AIDS pioneers and cancer scientist win Nobel prize

Mon Oct 6, 2008 2:39pm EDT
 
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By Niklas Pollard

STOCKHOLM (Reuters) - Two French scientists who discovered the AIDS virus and a German who bucked conventional wisdom to find a virus that causes cervical cancer were awarded the 2008 Nobel prize for medicine on Monday.

Luc Montagnier, director of the World Foundation for AIDS Research and Prevention, and Francoise Barre-Sinoussi of the Institut Pasteur won half the prize of 10 million Swedish crowns ($1.4 million) for discovering the virus that has killed 25 million people since it was identified in the 1980s.

Dr. Harald zur Hausen of the University of Duesseldorf and a former director of the German Cancer Research Center shared the other half of the prize for work that went against the established opinion about the cause of cervical cancer.

"The three laureates have discovered two new viruses of great importance and the result of that has led to an improved global health," said Jan Andersson, a member of the Nobel Assembly at Sweden's Karolinska Institute.

The discoveries made it possible to diagnose both infections, and led to the development of two vaccines that prevent cervical cancer, and more than 20 drugs that can keep HIV patients healthy.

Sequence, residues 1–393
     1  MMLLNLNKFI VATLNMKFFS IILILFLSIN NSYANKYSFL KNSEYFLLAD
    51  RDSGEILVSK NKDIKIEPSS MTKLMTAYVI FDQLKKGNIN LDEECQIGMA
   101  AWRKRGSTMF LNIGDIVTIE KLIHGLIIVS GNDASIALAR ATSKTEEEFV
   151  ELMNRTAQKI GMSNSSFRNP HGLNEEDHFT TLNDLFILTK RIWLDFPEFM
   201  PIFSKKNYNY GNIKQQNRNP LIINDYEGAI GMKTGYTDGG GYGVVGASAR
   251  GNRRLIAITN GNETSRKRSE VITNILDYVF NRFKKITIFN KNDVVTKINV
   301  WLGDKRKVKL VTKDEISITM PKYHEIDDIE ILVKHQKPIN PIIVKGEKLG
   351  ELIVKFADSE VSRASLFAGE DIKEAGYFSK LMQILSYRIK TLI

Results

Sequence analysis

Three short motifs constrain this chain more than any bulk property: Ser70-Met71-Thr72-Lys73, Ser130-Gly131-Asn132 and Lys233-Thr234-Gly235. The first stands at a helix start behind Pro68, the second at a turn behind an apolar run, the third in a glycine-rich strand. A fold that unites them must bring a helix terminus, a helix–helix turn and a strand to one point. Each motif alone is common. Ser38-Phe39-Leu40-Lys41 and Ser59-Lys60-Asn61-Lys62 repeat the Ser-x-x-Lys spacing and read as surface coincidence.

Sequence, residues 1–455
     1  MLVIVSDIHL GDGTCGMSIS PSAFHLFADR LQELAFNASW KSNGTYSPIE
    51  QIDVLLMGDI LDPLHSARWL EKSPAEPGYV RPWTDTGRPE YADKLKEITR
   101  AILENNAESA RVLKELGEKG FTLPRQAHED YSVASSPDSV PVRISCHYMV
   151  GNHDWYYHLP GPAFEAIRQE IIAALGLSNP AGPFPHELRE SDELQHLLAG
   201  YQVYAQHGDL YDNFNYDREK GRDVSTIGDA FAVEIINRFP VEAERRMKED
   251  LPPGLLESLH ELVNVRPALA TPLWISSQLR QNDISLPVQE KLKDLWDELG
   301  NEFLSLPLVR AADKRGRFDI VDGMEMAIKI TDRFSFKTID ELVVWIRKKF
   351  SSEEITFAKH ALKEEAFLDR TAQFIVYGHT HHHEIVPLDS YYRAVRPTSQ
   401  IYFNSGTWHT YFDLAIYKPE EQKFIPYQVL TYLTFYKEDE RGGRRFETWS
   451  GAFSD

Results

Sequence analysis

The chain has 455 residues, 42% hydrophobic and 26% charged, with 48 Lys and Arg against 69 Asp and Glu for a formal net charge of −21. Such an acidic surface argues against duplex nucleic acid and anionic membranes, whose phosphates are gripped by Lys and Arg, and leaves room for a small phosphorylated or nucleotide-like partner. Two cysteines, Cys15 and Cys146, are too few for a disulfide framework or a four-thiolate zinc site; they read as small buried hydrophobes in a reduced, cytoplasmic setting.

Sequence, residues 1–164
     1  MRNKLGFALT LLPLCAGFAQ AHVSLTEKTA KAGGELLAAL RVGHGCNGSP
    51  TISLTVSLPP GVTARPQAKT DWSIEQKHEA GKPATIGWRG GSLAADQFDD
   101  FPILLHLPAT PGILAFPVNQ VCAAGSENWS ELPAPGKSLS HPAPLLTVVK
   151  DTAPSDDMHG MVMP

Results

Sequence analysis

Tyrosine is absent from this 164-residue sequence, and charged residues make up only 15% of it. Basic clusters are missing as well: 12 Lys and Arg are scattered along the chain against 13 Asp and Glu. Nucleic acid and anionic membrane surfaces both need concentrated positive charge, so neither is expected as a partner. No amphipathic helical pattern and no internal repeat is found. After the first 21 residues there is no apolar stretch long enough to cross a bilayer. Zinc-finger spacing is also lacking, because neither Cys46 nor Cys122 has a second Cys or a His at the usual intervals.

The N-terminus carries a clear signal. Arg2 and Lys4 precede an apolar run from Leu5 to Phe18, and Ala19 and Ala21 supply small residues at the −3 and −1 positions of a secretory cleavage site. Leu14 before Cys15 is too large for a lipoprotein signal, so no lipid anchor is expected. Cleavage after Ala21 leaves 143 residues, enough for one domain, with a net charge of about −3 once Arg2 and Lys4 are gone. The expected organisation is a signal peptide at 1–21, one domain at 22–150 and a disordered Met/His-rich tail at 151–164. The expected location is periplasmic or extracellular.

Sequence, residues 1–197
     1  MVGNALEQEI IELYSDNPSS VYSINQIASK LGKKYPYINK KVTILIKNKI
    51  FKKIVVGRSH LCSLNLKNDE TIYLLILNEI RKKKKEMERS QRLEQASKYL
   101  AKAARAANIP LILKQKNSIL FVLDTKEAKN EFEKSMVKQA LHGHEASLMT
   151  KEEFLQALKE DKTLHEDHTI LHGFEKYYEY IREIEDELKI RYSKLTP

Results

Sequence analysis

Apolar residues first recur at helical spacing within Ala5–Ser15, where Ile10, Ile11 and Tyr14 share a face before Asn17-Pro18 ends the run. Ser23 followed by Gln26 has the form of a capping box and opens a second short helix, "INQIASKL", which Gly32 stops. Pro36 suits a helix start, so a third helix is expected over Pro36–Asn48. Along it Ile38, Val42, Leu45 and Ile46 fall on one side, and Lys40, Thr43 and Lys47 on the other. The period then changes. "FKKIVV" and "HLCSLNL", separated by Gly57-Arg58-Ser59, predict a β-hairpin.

But Montagnier said those who most need the diagnosis and treatments for AIDS are not getting either.

"It's Africa which is carrying the weight of the epidemic at this moment. Out of millions of people infected, a large number are not being treated, either because they don't have access to treatment or because they don't know they are infected," Montagnier told Reuters in Abidjan, Ivory Coast, where he was giving a lecture.

The award is a decisive vote for Montagnier in a long-running dispute over who discovered and identified the virus, Montagnier or Dr. Robert Gallo, then of the U.S. National Cancer Institute.   Continued...

 
<p>Professor Harald zur Hausen joint Nobel Prize winner in Physiology or Medicine 2008, poses in a laboratory at the cancer research center of the university in Heidelberg October 6, 2008. REUTERS/Alex Grimm</p>